Thalidomide Compensation


At last, compensation for the forgotten victims of the thalidomide disaster

By Senator Jordon Steele-John

In last month’s Federal budget ‒ after almost a decade of campaigning by survivors and many years of support by the Australian Greens ‒ the Health Minister, Greg Hunt, finally announced a package of compensation and support for Australia’s Thalidomide survivors

We’re still waiting on some of the final details of the package as the Department has had to take on notice some of the questions that we put to them (meaning they could not answer them on the spot). However, this package, on first examination, has the potential to be a huge win for Thalidomide survivors, who have been fighting for decades to get the recognition and support they deserve from the Australian government. After a lifetime of discrimination, bullying, ongoing heatlh problems and even suicide, Thalidomide survivors and their families now finally had an opportunity for justice.

A letter from Lisa McManus on behalf of Thalidomide Group Australia ‒ a group representing forgotten survivors of the pharmaceutical disaster ‒ asking for help was one of the first things on my desk when I became a Senator in 2017. I’ve been working with her ever since and throughout this process of fighting for justice, she has become a close friend. I want to commend Lisa and all Thalidomide survivors for their tireless work and advocacy over the past 60 years. Because of you, the Australian Government has finally acknowledged the role that their predecessors played in this medical disaster.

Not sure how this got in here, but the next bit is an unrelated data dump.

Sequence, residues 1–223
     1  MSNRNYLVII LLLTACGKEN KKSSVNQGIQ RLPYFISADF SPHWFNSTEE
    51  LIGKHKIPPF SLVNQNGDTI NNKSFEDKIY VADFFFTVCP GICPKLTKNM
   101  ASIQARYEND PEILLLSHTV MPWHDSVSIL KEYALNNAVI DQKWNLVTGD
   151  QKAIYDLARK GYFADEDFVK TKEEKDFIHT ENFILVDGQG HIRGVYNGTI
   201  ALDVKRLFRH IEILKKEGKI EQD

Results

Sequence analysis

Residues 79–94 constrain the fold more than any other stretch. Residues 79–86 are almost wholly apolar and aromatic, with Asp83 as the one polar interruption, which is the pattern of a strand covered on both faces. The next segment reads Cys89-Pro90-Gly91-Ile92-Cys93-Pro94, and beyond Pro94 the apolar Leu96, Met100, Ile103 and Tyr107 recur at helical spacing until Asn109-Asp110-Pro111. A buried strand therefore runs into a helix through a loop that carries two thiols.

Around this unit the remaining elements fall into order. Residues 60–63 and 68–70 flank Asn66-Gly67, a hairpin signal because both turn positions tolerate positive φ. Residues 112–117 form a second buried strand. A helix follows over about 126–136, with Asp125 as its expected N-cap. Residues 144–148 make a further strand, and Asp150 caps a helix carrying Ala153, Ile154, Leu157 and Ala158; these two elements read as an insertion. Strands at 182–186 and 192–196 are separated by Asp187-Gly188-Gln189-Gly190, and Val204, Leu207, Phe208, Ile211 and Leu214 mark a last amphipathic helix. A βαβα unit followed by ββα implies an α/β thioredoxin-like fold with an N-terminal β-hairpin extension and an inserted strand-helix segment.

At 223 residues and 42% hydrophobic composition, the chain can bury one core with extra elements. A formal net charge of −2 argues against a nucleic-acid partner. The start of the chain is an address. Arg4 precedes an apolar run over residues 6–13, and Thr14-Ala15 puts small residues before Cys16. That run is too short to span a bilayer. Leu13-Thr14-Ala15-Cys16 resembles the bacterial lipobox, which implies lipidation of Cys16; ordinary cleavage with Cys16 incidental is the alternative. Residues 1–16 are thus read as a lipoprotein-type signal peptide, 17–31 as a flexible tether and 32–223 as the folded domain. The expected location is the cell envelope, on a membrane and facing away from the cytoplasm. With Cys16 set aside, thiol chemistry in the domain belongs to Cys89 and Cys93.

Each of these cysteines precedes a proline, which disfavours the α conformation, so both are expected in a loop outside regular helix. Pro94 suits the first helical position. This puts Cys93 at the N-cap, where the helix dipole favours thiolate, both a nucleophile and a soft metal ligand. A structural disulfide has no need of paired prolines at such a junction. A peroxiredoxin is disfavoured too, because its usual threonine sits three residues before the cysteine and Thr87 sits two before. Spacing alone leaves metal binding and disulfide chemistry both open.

If this campaign has taught me one thing it’s that survivors like Lisa shouldn’t have had to fight so hard to get assistance from the people they elect to represent them.

Here's what we know so far about the package announced in the 2020 Federal Budget:

  • A lump sum compensation payment of between $75,000 and $500,000 scaled according to the level of disability;
  • An ongoing annual pension between $5000 and $60,000 scaled according to the level of disability; 
  • An Extraordinary Assistance Fund worth over $10 million will be established to aid survivors to meet major expenses such as home and vehicle modification from 2020‑21;
  • A healthcare assistance fund worth almost $4 million; and 
  • An official government apology.

I’ll make sure to update you all soon when we have more details!

Header photo: Lisa McManus (right) and her husband Andrew - Our office has been working with Lisa on justice for Thalidomide survivors.